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GOP issues a scathing self-analysis; 'our message was weak'

By Rachel Weiner
Washington Post

Republican National Committee Chairman Reince Priebus gave a blistering assessment of the GOP’s problems on Monday, based on the results of a months-long review, and he called on the party to reinvent itself and officially endorse immigration reform.

Referring to the November election, Priebus said at a morning breakfast: “There’s no one reason we lost. Our message was weak; our ground game was insufficient; we weren’t inclusive; we were behind in both data and digital; and our primary and debate process needed improvement.

“So, there’s no one solution,” he said. “There’s a long list of them.”

Among the report’s 219 prescriptions: a $10 million marketing campaign, aimed in particular at women, minorities and gays; a shorter primary season and earlier national convention; and creation of an open data platform and analytics institute to provide research for Republican candidates.

“When Republicans lost in November it was a wakeup call,” Priebus announced at a National Press Club breakfast. “We know that we have problems. We’ve identified them, and we’re implementing the solutions to fix them.”

While the document is intended to focus on strategy, the group made one major foray into policy. If Republicans want to reach Hispanic voters, the authors say, the party “must embrace and champion comprehensive immigration reform.”

Asked if some Republicans would balk at that recommendation, former White House spokesman Ari Fleischer — one of the report’s five co-chairmen — said the last election had brought many conservatives to the same position.

“It was such a clear two-by-four to the head in the 2012 election,” he told the Post, referencing Mitt Romney’s 27 percent share of the Hispanic vote. “[N]ot saying it would have been such a glaring omission. Republicans could never win again if that’s the status.”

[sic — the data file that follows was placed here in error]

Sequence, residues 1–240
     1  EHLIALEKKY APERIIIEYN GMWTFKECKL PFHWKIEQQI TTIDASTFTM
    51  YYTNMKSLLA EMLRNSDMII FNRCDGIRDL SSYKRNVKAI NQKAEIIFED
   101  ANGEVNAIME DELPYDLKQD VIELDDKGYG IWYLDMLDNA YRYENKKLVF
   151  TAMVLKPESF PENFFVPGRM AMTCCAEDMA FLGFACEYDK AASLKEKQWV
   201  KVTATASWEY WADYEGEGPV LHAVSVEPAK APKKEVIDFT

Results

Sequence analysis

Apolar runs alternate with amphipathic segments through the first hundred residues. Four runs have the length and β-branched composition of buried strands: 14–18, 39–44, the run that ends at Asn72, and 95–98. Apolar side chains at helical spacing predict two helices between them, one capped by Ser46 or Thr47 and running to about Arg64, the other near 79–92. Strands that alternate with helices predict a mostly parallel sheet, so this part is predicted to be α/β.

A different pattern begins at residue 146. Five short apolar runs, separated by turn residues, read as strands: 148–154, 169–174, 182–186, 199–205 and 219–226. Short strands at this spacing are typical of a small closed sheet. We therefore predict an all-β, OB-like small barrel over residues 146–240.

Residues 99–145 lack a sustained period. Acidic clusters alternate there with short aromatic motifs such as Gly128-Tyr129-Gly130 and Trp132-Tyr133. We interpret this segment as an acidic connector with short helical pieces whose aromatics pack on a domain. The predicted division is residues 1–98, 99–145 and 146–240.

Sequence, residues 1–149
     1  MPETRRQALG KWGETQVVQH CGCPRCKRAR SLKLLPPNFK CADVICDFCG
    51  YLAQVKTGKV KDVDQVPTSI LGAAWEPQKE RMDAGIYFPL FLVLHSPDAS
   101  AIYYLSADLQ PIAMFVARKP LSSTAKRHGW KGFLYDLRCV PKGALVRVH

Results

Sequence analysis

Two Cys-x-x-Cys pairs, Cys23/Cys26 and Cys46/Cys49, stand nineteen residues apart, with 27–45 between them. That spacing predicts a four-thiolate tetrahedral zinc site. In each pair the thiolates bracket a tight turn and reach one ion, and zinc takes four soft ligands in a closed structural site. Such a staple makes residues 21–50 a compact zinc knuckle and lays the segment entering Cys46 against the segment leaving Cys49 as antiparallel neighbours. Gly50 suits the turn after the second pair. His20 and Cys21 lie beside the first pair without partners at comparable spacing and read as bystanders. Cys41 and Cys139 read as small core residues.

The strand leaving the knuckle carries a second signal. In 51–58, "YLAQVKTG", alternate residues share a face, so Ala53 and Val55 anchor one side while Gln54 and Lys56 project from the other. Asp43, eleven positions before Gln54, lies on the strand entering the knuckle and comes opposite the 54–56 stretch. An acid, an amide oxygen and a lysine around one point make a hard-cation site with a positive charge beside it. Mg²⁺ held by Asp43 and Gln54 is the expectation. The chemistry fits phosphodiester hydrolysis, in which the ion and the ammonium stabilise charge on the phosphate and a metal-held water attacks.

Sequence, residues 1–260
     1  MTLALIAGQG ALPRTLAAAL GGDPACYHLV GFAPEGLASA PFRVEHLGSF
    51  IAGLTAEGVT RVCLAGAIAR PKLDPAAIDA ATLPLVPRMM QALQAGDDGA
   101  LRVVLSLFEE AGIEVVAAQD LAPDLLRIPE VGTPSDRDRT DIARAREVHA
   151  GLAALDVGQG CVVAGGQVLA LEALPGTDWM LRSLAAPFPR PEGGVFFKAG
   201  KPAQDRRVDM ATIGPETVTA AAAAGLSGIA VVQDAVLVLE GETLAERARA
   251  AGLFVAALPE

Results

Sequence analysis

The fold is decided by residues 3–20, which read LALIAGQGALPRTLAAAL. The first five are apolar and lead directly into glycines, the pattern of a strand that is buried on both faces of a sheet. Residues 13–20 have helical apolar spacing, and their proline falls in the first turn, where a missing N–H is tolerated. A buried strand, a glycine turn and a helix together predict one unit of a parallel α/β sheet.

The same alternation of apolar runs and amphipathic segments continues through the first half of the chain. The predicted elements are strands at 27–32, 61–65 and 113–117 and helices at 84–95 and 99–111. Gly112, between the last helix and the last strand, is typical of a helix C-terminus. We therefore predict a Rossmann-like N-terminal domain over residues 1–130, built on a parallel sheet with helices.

The recommendations also include a $10 million expenditure to begin a bottom-up outreach effort to minority communities, including hiring national political directors for Hispanic, Asian-Pacific and African American voters. ”We’ve done a real lousy job sometimes of bragging about the success that we’ve had” with minorities, in particular Hispanic candidates, Priebus said.

“The way we communicate our principles isn’t resonating widely enough,” he added. “Focus groups described our party as ‘narrow minded,’ ‘out of touch,’ and ‘stuffy old men.’ The perception that we’re the party of the rich continues to grow.”

The report is the product of a three month listening project, as Priebus and other Republican leaders met with stakeholders around the country.

The report tells Republicans they must “change our tone” on “certain social issues” to win over younger voters and reach out to gay Americans. But the authors do not offer a specific policy prescription on gay marriage as they did on immigration.

Asked about reaching out to gay voters, Priebus said that Sen. Rob Portman of Ohio ”made some pretty big inroads last week” when he came out in support of gay marriage. But Priebus did not say whether he supported Portman’s stance, saying only that he supported the senator’s freedom to take that stance.

“There’s more of a split on issues involving gays” than on immigration, Fleischer told the Post. “Ten years ago, there used to be no split. Now the younger generation of Republicans is leading that split, and that’s a healthy part of being a big tent,” he said.

The open data platform is meant to help Republicans close a perceived digital communication gap with the Democratic Party. “Think of it like Apple and the App Store,” Priebus said. Priebus also called for putting a chief digital and technology officer in place, opening an RNC satellite office in San Francisco and holding hack-a-thons to bolster relationships with developers.

“Over and over our co-chairs heard of the need for an environment of intellectual curiosity,” Priebus said.

The report also calls for reworking the presidential primary system so that the party picks its nominee earlier in the year and then officially nominating him or her at a convention in June or July rather than late August or September. Priebus said the report had to be “bold,” “raw,” and “real” — and had to be public — to have the desired impact.

“This is an unprecedented thing, for a national party to put its cards on the table face up,” he said. “Maybe a few pieces of china needed to be broken.”

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